headed by leaders who are elected by the people. A constitutional monarchy is a nation that is headed by a queen or king, who may not have much real power, but which has free democratic elections for all citizens. The United Kingdom, Spain, Sweden, and the Netherlands are prime examples. ) Only part of the world’s population enjoys the right to vote in free democratic elections. Nations such as India, Israel, the Czech Republic, Japan, South Korea, Mexico, Australia, Canada, and the European Union countries are democracies, although Canada and Australia still have some political ties to England.
Nations such as Turkey have some democratic freedoms and some non-democratic restrictions. Many nations are monarchies, in which one family controls the government; military dictatorships, in which a non-elected leader and his army control the government by force; or, in the case of China, Communist states, in which only one political party is allowed to have power and representation. In all of these non-democratic nations, the government controls the press, and there is very little opportunity, or none, for free speech. Citizens are not allowed to publicly express any criticism of their government.
The most basic rights that U. S. citizens take for granted, such as a speedy and fair trial by jury, and freedom of religion, are not recognized in these non-democratic nations. If they have elections at all, they are usually a sham. Only a few candidates are listed on the ballots, and those are for local office. The people do not get to choose their leaders. The United States is not the only democracy in the world, but it has been one of the most successful. One reason for its success is its system of laws based on the Constitution.
Our Constitution allows for the possibility of change in the way we elect our leaders and representatives. But some basic rights are written into the Constitution, and as long as the United States thrives, these rights can never be taken away. One of the basic rights guaranteed by the Constitution is the right to vote. That may not seem like a big deal, but it is a very important right—only if YOU use it. Your vote is just as important as the President’s! If you don’t vote, you can’t participate fully in the democratic process. If you do vote, you are a participant.
If you don’t, you can only be an onlooker. MAKING CHANGES: THE FIRST STEPS Throughout the history of our nation, changes have been made by those who organized, networked, joined forces, and expressed their opinions openly, whether or not they could vote. In many cases, public opposition was stubborn and violent. Suffragists (advocates for women’s right to vote) had to endure many injustices—when violent mobs smashed in and broke up their meetings, or getting arrested for demonstrating, for example. The Civil Rights Movement for African-Americans met seemingly unbeatable and vicious opposition.
A number of civil-rights activists and leaders, black and white, were murdered. Yet the justice of their causes prevailed. They helped extend Constitutional rights and protection to those who had been denied those rights. These battles for justice were won by those who cared enough about the possibility of social change to get involved, to speak up, and even risk their lives. You don’t have to risk your life to participate in making changes, though. Voting is one way that all U. S. citizens, ages 18 to 108, can speak up.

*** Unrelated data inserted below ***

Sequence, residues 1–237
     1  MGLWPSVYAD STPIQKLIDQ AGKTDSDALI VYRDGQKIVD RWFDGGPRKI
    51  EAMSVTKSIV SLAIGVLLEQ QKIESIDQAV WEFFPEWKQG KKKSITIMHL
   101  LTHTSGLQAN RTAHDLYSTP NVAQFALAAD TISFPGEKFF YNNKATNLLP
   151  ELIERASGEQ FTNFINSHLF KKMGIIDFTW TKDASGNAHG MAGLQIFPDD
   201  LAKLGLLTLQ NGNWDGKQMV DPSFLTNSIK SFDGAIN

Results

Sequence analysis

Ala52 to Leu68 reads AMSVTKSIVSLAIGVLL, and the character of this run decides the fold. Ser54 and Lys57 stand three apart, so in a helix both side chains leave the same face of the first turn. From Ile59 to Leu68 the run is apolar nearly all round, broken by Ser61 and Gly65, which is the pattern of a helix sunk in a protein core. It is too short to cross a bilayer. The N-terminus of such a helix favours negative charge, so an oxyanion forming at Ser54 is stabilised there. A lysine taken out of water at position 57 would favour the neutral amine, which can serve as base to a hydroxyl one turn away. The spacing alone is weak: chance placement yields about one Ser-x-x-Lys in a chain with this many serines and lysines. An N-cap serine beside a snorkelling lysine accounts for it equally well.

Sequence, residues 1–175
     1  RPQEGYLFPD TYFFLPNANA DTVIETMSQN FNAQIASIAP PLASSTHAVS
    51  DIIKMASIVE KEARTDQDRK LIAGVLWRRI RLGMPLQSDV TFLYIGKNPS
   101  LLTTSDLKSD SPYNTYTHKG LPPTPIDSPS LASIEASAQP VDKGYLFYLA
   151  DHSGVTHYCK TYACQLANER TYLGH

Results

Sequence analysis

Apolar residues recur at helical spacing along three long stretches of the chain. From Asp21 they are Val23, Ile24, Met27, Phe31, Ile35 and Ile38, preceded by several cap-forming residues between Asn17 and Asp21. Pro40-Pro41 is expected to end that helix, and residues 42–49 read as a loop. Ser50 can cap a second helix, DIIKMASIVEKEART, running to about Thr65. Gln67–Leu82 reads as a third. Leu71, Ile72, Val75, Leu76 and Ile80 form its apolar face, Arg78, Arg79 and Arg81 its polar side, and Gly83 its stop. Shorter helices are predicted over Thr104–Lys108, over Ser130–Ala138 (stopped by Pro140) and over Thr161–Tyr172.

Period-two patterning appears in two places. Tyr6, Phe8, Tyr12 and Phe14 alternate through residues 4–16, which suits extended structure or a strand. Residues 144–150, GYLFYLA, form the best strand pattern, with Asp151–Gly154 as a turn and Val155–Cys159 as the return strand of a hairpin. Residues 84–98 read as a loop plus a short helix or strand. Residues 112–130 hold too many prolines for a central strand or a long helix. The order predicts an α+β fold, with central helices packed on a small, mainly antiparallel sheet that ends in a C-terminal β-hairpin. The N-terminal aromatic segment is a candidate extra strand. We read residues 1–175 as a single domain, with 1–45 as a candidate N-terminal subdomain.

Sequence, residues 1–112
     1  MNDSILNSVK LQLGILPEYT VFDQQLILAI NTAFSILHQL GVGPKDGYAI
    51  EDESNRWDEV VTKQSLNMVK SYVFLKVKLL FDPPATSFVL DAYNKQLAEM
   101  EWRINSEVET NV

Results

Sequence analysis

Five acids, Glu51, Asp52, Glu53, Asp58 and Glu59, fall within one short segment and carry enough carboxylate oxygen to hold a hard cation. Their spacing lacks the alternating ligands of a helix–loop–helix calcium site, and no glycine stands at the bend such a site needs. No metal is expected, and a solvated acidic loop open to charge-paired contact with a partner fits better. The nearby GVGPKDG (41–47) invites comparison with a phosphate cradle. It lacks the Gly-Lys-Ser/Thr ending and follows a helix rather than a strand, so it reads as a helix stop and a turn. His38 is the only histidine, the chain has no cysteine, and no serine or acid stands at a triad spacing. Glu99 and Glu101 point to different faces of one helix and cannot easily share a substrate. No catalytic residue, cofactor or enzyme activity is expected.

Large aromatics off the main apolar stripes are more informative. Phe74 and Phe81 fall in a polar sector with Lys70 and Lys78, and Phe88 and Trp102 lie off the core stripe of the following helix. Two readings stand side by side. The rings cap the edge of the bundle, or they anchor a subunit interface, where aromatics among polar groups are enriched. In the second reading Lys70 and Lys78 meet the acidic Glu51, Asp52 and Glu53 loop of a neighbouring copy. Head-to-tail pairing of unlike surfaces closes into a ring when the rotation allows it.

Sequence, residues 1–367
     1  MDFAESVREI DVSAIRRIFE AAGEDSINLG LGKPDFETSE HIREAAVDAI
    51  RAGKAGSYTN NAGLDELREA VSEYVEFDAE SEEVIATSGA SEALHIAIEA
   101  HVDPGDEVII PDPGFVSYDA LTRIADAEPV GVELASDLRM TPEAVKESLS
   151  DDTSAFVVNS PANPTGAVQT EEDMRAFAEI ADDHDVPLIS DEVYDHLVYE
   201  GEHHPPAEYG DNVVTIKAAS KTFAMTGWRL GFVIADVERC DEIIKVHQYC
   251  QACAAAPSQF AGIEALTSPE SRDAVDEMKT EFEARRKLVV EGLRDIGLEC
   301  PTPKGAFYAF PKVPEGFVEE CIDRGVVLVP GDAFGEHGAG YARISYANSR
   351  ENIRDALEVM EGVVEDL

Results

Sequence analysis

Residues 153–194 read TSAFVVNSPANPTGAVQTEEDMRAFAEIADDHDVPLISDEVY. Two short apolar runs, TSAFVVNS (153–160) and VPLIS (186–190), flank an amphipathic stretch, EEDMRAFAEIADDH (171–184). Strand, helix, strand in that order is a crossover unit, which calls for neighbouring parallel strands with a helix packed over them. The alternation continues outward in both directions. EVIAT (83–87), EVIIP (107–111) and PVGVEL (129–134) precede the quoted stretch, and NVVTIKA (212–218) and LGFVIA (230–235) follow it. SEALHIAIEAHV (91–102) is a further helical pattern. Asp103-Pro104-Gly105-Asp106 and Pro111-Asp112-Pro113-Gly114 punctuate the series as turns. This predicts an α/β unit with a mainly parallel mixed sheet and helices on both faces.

If you have never voted before, but are interested in registering to vote in the next Presidential election, we say, “Congratulations! That’s great! Let’s do it! ” Once you learn how to do it, you will have a sense of satisfaction, knowing that you are participating in an important part of being an American citizen. Registering to vote is the first step in an exciting adventure. This what we hope will happen: * Because you want to be an educated voter, you will learn what you can about the candidates, the issues, and the differences between the parties’ stands on the issues that are most important to you.
What do you care about? Legislative funding and support for schools for the deaf? How the candidates feel about mainstreaming? Literacy classes for deaf adults? Getting more Deaf candidates into office? Getting more sign-language interpreters at public events? More police departments learning how to communicate with Deaf people? What Deaf people can do for the environment? Do your representatives know how you feel about these issues? * You will become more interested in following news about proposed Constitutional amendments,different interpretations of the Bill of Rights, and Supreme Court cases.
You will follow, with new interest, the progress of the Presidential campaigns, and coverage of the national party conventions. * You will vote in your state’s primary elections. * You will contact your local, state, and Congressional representatives and express your views to them. * You may even want to volunteer to join the local campaign committee for your favorite candidate. Even if you can’t use the voice telephone to make calls on the “telephone tree,” there is much that you can do. And if your candidate wins, you will participate in the victory celebration, knowing that you helped make it possible!
You will see, through your own experience, that one person CAN make a difference. Even if your favorite candidate loses, you will have had this valuable experience, and we hope that you will want to stay involved. * You will have the satisfaction of participating actively in the democratic process, and seeing how it works on a grassroots level. Someone who doesn’t bother checking the news, doesn’t care about the election, and doesn’t go to the polls to vote loses out on this. * You can become a smarter, better-informed citizen. You can even help make history!